7. Consider seeking professional advice from a licensed financial adviser.

'Listed' and 'unlisted' investments

This is one of two investor booklets that look at different types of debt securities (investments). Separate booklets on other unlisted investments-mortgage funds and property trusts-are also available.

The diagram below illustrates some broad distinctions between debt investments available to investors, including unlisted debentures and unsecured notes, and listed corporate bonds.

This booklet looks at unlisted debentures and unsecured notes. This is where investors lend money to a company, which issues a promise to repay that money to investors at a future date, as well as interest.

The debentures and unsecured notes are 'unlisted' because they are not quoted (or 'listed') and traded on a secondary market, in the way that shares and corporate bonds, for example, are quoted on the Australian Securities Exchange (ASX). Instead, you typically deal directly with the company issuing the unlisted debentures and unsecured notes when you enter or exit the investment.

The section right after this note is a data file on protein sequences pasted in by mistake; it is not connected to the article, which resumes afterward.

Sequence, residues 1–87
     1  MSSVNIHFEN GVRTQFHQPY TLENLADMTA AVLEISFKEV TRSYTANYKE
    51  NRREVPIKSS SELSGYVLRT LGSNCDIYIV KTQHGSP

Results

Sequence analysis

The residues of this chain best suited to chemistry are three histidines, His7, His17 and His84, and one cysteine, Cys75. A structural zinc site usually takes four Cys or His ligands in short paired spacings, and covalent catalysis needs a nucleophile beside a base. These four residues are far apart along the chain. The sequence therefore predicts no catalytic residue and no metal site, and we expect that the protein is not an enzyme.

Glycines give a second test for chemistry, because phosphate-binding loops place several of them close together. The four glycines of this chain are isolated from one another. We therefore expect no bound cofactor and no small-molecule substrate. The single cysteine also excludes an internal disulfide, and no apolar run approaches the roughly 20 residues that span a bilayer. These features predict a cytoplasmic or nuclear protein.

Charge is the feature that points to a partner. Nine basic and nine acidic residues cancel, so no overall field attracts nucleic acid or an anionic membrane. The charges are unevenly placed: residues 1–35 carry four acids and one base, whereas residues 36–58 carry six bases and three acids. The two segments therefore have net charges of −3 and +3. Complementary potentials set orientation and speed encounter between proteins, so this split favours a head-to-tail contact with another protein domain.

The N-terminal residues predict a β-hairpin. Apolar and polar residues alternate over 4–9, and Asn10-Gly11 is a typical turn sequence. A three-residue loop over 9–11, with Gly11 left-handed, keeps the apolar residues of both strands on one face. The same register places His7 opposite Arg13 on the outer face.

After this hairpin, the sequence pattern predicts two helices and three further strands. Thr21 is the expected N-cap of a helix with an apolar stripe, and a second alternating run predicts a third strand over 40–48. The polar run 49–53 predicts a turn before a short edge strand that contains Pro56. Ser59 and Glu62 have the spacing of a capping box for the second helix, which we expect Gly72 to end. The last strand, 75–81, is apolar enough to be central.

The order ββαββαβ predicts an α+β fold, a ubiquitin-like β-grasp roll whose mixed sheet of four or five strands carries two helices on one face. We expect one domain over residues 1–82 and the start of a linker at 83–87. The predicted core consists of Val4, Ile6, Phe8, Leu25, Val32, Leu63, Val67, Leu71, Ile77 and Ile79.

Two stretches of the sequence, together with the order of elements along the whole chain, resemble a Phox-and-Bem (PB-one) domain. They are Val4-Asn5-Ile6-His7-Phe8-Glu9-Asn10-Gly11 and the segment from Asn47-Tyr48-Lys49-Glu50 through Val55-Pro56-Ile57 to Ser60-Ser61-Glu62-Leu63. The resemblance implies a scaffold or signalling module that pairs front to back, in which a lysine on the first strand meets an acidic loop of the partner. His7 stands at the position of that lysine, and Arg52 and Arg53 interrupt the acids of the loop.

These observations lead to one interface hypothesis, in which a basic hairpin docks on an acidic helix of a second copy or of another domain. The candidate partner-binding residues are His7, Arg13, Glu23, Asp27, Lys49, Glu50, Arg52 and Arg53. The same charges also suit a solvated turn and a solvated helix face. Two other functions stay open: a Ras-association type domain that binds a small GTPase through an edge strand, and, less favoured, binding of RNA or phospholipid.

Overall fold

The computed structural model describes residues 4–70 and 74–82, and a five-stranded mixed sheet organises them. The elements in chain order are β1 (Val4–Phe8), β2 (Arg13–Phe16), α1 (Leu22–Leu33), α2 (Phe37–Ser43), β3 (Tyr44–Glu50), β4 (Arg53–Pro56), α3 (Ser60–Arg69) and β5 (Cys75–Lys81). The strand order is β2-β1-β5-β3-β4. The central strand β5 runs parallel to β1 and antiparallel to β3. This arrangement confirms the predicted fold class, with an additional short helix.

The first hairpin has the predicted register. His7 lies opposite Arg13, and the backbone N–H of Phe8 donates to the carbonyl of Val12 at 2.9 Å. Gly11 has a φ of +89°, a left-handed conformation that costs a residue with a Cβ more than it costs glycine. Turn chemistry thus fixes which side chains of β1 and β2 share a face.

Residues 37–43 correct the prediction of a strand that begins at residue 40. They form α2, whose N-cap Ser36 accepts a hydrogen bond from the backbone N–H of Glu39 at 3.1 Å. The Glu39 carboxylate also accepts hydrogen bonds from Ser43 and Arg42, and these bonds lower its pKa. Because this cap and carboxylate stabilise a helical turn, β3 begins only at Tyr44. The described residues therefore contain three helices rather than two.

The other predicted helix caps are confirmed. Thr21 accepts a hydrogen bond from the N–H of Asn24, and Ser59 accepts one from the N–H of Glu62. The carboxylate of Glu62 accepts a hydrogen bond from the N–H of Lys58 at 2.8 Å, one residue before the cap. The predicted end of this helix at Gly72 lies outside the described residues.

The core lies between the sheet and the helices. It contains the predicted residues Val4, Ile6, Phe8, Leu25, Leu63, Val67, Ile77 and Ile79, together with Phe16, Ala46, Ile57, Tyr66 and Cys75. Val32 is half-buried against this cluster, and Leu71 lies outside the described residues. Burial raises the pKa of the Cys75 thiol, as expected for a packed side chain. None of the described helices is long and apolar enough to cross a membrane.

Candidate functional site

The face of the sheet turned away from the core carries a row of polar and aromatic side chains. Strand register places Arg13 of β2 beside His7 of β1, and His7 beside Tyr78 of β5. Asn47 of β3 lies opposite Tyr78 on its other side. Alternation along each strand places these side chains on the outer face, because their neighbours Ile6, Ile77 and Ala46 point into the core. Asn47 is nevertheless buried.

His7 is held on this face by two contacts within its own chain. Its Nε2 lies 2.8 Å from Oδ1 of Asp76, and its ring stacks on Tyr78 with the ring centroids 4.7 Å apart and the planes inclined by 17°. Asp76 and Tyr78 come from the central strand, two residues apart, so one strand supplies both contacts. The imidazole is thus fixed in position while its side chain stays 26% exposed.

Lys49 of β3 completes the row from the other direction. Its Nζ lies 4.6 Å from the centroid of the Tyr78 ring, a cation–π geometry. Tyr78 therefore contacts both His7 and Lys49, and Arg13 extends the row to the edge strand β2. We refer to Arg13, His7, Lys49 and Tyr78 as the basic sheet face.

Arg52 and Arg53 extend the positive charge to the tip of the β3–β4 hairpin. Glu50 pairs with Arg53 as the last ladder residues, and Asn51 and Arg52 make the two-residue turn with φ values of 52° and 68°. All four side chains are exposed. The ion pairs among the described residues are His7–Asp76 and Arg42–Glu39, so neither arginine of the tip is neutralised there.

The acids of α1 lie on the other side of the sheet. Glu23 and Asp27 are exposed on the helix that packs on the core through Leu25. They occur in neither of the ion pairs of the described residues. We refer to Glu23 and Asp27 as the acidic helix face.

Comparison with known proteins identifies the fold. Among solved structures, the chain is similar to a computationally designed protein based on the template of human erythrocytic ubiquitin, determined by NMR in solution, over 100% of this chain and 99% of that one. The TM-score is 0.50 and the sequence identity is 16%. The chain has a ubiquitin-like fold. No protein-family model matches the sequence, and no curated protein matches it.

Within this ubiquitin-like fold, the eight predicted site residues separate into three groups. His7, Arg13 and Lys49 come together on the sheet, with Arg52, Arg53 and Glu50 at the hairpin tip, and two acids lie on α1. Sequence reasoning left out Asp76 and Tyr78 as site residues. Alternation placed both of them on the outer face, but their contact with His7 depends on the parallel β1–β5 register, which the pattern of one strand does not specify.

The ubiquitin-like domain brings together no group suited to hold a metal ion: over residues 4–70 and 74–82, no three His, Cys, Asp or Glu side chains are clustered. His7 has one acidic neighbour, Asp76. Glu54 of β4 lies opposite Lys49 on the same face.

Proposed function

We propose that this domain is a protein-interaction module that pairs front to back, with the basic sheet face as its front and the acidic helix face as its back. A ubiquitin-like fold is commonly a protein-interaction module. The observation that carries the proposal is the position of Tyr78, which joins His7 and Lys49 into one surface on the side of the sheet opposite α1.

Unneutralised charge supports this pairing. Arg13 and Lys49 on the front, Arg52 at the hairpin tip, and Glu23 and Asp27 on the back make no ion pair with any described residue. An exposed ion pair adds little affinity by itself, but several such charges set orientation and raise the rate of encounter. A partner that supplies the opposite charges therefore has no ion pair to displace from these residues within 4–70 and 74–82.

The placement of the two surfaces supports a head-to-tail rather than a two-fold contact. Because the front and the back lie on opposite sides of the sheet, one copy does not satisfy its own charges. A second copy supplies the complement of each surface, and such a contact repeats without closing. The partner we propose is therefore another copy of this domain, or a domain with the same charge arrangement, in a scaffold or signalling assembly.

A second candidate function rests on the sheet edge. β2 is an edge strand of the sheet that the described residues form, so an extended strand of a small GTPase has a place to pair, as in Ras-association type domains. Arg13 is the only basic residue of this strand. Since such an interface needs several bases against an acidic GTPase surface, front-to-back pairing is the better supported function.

Corporate bonds are a separate category of debt investment and are generally listed investments. These are described in a separate booklet, Investing in corporate bonds?

Know what the investment is

What is a 'debenture' or 'unsecured note'?

Debentures or unsecured notes are a way for businesses to raise money from investors. In return for your money, the business (or 'issuer' of the debenture or unsecured note) promises to:

  • pay you interest
  • pay back the money you lend it (or your 'capital') at a future date.

An investment can only be called a debenture in documents relating to an offer if the security in place is over tangible property of the issuer. Unsecured notes, on the other hand, are generally riskier than unlisted debentures as there is no tangible property provided as security for investors. ASIC will require all businesses to follow this approach to the naming of debentures from 1 July 2011.